In just two weeks, six retired U.S. Marine and Army generals have denounced the Pentagon planning for the war in Iraq and called for the resignation or firing of Secretary of Defense Donald Rumsfeld.
Washington Post columnist David Ignatius, who travels often to Iraq and supports the war, says that the generals mirror the views of 75 percent of the officers in the field, and probably more.
This is not a Cindy Sheehan moment.
This is a vote of no confidence in the leadership of the U.S. armed forces by senior officers once responsible for carrying out the orders of that leadership. It is hard to recall a situation in history where retired U.S. Army and Marine Corps generals, almost all of whom had major commands in a war yet underway, denounced the civilian leadership and called on the president to fire his secretary for war.
As those generals must be aware, their revolt cannot but send a message to friend and enemy alike that the U.S. high command is deeply divided, that U.S. policy is floundering, that the loss of Iraq impends if the civilian leadership at the Pentagon is not changed.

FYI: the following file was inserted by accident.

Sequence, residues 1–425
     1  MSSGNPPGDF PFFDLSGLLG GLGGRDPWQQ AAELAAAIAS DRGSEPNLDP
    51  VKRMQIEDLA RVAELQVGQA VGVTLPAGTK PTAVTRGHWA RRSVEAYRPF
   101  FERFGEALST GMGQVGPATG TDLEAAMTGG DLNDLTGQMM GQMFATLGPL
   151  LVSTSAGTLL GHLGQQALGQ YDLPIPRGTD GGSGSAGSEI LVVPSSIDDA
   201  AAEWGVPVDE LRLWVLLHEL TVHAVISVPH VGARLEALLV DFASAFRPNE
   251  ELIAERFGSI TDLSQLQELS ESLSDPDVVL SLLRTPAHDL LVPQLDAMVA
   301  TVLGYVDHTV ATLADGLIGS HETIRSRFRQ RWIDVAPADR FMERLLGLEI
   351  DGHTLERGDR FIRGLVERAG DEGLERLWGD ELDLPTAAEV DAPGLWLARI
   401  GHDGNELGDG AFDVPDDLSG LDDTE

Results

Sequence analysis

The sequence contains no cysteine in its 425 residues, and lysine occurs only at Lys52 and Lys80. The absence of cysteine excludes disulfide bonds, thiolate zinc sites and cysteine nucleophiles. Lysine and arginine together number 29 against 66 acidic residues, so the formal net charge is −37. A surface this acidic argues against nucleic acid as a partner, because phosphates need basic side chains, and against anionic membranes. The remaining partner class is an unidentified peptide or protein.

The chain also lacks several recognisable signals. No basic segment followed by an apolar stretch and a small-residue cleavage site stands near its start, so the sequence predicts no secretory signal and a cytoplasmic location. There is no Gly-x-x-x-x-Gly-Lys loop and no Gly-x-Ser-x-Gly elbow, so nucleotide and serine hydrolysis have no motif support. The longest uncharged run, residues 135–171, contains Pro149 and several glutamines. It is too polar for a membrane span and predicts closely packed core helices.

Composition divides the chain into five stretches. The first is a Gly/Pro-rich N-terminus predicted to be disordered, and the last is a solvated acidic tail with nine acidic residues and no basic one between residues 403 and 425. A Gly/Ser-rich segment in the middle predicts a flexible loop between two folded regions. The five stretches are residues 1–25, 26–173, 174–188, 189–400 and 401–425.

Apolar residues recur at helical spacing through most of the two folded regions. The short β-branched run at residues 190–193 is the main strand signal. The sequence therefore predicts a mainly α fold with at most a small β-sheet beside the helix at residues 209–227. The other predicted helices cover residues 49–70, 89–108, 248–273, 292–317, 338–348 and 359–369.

The generals have sent an unmistakable message to Commander in Chief George W. Bush: Get rid of Rumsfeld, or you will lose the war.
Columnist Ignatius makes that precise point:
"Rumsfeld should resign because the administration is losing the war on the home front. As bad as things are in Baghdad, America won't be defeated there militarily. But it may be forced into a hasty and chaotic retreat by mounting domestic opposition to its policy. Much of the American public has simply stopped believing the administration's arguments about Iraq, and Rumsfeld is a symbol of that credibility gap. He is a spent force ..."
With the exception of Marine Gen. Anthony Zinni, the former head of Central Command who opposed the Bush-Rumsfeld rush to war, the other generals did not publicly protest until secure in retirement. Nevertheless, they bring imposing credentials to their charges against the defense secretary.
Major Gen. Paul Eaton, first of the five rebels to speak out, was in charge of training Iraqi forces until 2004. He blames Rumsfeld for complicating the U.S. mission by alienating our NATO allies.
Marine Lt. Gen. Gregory Newbold, director of operations for the Joint Chiefs up to the eve of war, charges Rumsfeld, Paul Wolfowitz and Douglas Feith with a "casualness and swagger that are the special province of those who have never had to execute these missions -- or bury the results."
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